Boris Johnson was floundering and spinning his way towards a general election as Socialist Worker went to press.
The serial liar who had promised to “die in a ditch” rather than apply for an extension to the Brexit deadline had applied and secured just such an extension.
And yet he remained infuriatingly alive.
Johnson said Britain would leave the European Union (EU) on 31 October “do or die” and “come what may” and “no ifs or buts” and “whatever happens”. But as Halloween came we were still firmly in the EU.
Johnson claimed his central task was to “get Brexit done”. But this week, despite winning a vote in principle to approve it, he abandoned the Withdrawal Agreement Bill.
Johnson had promised that he would ensure “the highest possible standards” for workers’ rights and environmental regulations after Brexit.
But a paper presented to ministers and leaked last weekend showed this was baseless.
It said there was room to force down regulations and rip up workers’ rights under the terms of the Johnson deal. That’s the real prize that the Tories seek—in the EU or not.
Johnson hopes to use fakery about standing up for democracy in order to win an election.
He didn’t actually want to pass his Brexit bill because he wants an election that focuses on this and not other issues.
It is much easier to froth about the way parliament and judges have, he says, stopped him from delivering the verdict of the 2016 referendum than it is to talk about life after Brexit.
But Johnson’s lies won’t just be about Brexit.
He will say the Tories are pouring money onto the NHS. Another lie. A month ago he promised the “biggest hospital building programme in a generation” with £13 billion worth of funding for 40 new hospitals.
The plan quickly turned out to amount to £2.7 billion to refurbish six hospitals over the next five years.
The other 34 hospitals would only be completed in the second half of the next decade.
Johnson said he wants the best education for every child. But cuts have made that impossible.
He visited Middleton primary school in Milton Keynes last week. Even after the recently announced “funding boost”, that school will still be £353,000 worse off in real terms than it was in 2015.
Johnson has claimed that he only became interested in politics because a “bearded Marxist student” asked him to contribute to a collection for the miners’ strike in 1984.
Like much else that’s probably a lie. But he was and remains a class warrior for the bosses and the rich.
The Tories have ordered the melting down of the 50p coins minted to commemorate Brexit.
Now it’s time to melt down Johnson and the Tories.
Tory rule—a decade of disaster for working class people
- The number of emergency food parcels given out at food banks across Britain shot up by 73 percent in the five years to 2018-19.
- The Trussell Trust charity said it gave out 1,583,668 parcels, compared to 913,138 in 2013-14.
- It said the 12 months to March this year was the “busiest year for food banks” in its network.
- In September last year there were17 percent fewer public sector jobs than there were in September 2009, when the figure stood at nearly 6.5 million.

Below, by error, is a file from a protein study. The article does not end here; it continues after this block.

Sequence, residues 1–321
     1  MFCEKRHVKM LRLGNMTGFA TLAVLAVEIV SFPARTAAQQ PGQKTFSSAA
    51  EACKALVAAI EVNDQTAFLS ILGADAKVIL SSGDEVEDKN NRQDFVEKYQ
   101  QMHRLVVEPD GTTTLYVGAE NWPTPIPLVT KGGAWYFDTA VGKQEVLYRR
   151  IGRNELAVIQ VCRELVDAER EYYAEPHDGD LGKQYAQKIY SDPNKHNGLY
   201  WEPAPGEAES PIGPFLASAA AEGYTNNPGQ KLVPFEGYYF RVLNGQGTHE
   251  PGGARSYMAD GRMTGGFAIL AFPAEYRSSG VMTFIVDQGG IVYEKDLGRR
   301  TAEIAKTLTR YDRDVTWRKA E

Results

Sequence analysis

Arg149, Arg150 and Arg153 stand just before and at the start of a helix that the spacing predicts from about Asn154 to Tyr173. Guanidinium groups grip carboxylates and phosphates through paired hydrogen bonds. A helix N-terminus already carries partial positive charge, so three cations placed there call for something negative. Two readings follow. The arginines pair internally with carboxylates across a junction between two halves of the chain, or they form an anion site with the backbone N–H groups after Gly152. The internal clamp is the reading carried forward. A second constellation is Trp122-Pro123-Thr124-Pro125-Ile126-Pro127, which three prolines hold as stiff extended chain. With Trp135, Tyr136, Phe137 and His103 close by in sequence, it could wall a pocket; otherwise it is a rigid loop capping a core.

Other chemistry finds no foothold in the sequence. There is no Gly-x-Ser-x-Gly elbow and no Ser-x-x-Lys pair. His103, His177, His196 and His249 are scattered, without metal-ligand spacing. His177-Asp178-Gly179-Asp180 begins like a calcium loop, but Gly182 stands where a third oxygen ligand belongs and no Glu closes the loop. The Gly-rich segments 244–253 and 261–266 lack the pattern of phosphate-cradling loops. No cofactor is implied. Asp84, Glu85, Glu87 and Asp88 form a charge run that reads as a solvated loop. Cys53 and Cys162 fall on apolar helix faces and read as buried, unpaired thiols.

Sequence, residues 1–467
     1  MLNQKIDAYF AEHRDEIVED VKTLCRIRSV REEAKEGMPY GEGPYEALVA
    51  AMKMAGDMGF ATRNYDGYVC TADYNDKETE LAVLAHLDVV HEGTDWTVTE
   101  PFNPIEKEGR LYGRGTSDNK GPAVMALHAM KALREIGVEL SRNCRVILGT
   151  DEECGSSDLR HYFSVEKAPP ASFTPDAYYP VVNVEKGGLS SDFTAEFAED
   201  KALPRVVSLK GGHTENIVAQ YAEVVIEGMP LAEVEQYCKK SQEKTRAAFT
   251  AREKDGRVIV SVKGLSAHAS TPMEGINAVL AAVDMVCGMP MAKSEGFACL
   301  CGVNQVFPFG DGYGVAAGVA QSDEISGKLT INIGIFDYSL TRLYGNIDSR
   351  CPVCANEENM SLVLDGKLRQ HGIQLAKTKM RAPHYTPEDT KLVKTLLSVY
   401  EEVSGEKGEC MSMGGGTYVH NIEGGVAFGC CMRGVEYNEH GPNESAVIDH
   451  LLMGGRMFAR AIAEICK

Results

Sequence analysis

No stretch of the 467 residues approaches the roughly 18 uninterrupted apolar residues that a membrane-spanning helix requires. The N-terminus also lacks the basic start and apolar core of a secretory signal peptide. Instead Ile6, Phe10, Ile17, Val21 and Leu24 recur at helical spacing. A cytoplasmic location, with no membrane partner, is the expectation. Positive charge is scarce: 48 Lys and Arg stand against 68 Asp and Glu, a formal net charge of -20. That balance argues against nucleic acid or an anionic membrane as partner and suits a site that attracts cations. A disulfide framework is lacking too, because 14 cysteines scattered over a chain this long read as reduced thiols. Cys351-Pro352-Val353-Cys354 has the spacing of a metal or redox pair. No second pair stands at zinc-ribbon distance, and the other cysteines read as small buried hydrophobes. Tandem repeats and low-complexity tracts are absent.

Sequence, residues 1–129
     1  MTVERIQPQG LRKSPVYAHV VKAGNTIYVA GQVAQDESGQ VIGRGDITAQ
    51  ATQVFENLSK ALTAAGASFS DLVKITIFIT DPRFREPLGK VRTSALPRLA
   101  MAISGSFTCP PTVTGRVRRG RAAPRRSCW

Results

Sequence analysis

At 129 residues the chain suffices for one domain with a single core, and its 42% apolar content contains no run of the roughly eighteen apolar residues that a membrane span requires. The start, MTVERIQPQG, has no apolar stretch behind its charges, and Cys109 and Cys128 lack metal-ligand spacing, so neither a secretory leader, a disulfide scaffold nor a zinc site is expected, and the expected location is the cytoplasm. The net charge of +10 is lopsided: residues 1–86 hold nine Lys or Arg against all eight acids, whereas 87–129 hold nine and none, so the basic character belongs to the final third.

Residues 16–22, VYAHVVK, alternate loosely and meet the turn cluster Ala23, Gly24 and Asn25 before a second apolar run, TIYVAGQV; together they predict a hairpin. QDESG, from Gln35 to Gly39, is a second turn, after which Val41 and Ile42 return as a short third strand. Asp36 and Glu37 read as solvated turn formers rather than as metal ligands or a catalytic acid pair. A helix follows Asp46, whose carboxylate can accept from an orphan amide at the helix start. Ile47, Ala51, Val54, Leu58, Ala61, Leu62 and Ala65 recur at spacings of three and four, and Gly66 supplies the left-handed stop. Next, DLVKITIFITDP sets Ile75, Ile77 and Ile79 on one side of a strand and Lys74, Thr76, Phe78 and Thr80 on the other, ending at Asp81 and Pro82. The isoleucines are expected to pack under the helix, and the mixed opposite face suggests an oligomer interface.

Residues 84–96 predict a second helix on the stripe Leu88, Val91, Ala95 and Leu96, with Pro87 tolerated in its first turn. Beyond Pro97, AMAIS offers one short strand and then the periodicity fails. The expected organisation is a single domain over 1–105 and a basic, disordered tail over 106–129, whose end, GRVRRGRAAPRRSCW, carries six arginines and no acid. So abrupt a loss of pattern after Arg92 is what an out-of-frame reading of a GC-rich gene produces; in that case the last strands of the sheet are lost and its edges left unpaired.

- This is a drop of 1.1 million.
- In March 2018 the public sector represented 16.5 percent of the total workforce.
- It’s the smallest share since comparable records began in 1999.
- Pay freezes, caps and real terms cuts have left public sector workers thousands of pounds worse off.
- Paramedics suffered real terms pay cuts of over £6,000 between 2010 and 2016, according to the TUC.
- Teachers lost more than £4,400 while firefighters have seen their pay drop by £4,770.
- Councils in England have slashed spending on local services by over a fifth since 2010.
- The Association of Public Service Excellence (APSE) reported in July that these services are “at the back of the queue” for public funding.
- It found that money going to neighbourhood services across Britain fell by 27 percent in the nine years from 2009-10.
- Some of the most vulnerable people have suffered the harshest cuts. Social care includes help for older or disabled people at home with things such as washing, taking medication or getting around.
- In 2017-18 local authorities in England spent nearly a billion less on social care than in 2010-11. And because more and more people need support, the figure should be going up, not down.
- The Institute for Fiscal Studies (IFS) warned in May that an ageing population will mean councils in England have to spend more on adult social care.
- It said the 3 percent cap on annual council tax rises means adult social care would need 60 percent of local tax revenues within 15 years. It currently takes an average of 38 percent.
- Real terms government funding on schools and colleges dropped by around £7.7 billion between 2011-12 and 2017-19, according to the Commons Library.
- 16,523 schools, 83 percent of the total, will have less money per pupil in 2020 in real terms than they had in 2015.
- The number of deaths of homeless people in England and Wales went up by a record 22 percent last year.
- An estimated 726 people died in 2018—nearly two every day—according to the Office for National Statistics.
- It said the increase was the biggest since it began recording homeless deaths six years ago.
- The number of children living in absolute poverty rose by half a million between 2010-11 and 2017-18, the End Child Poverty charity found.
- It said that in some areas, more than half of children are in poverty.
- More than four million people in Britain—7 percent of the population—are trapped in deep poverty, according to the Social Metrics Commission.
- This means their income is at least 50 percent below the official poverty line.
- Nearly half of all those living below the poverty line live in a household where someone is disabled.